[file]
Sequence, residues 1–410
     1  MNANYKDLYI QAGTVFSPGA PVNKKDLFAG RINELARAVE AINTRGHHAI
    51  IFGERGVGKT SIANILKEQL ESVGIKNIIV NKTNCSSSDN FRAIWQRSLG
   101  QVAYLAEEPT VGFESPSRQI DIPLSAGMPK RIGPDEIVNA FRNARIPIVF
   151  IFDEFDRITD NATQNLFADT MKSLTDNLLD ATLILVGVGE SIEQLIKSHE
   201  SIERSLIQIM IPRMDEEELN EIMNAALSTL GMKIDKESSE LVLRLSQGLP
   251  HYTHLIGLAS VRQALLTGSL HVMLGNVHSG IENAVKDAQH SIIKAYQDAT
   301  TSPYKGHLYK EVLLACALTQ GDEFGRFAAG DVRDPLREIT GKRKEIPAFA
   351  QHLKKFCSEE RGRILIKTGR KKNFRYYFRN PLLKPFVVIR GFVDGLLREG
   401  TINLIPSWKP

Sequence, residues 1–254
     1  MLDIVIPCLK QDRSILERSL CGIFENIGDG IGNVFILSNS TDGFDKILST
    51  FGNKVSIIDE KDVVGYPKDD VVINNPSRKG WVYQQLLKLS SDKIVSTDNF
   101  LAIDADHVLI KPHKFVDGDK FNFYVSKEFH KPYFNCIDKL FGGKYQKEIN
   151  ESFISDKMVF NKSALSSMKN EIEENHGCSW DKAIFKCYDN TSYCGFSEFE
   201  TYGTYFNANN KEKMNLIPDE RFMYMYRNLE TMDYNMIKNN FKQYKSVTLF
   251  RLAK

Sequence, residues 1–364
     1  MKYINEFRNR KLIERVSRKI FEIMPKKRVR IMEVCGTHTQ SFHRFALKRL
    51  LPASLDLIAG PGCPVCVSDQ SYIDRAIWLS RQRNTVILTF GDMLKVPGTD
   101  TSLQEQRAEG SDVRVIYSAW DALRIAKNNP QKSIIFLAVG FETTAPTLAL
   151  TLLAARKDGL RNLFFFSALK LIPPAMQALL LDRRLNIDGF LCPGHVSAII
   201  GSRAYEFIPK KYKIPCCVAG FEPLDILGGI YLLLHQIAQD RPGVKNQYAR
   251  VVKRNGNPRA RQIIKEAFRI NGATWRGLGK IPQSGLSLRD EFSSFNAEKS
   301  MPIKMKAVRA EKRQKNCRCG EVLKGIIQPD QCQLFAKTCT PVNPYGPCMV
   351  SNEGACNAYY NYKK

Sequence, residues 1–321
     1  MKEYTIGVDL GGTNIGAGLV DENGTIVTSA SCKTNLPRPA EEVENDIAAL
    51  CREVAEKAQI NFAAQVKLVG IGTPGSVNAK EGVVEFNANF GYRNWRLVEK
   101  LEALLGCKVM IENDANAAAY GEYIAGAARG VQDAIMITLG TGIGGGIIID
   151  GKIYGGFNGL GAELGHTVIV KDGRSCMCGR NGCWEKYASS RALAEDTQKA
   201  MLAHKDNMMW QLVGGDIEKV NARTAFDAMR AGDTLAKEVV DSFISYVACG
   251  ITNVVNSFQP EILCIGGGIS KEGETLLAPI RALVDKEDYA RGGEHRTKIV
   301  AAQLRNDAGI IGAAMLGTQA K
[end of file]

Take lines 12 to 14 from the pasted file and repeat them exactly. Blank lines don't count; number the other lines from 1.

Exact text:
     1  MLDIVIPCLK QDRSILERSL CGIFENIGDG IGNVFILSNS TDGFDKILST
    51  FGNKVSIIDE KDVVGYPKDD VVINNPSRKG WVYQQLLKLS SDKIVSTDNF
   101  LAIDADHVLI KPHKFVDGDK FNFYVSKEFH KPYFNCIDKL FGGKYQKEIN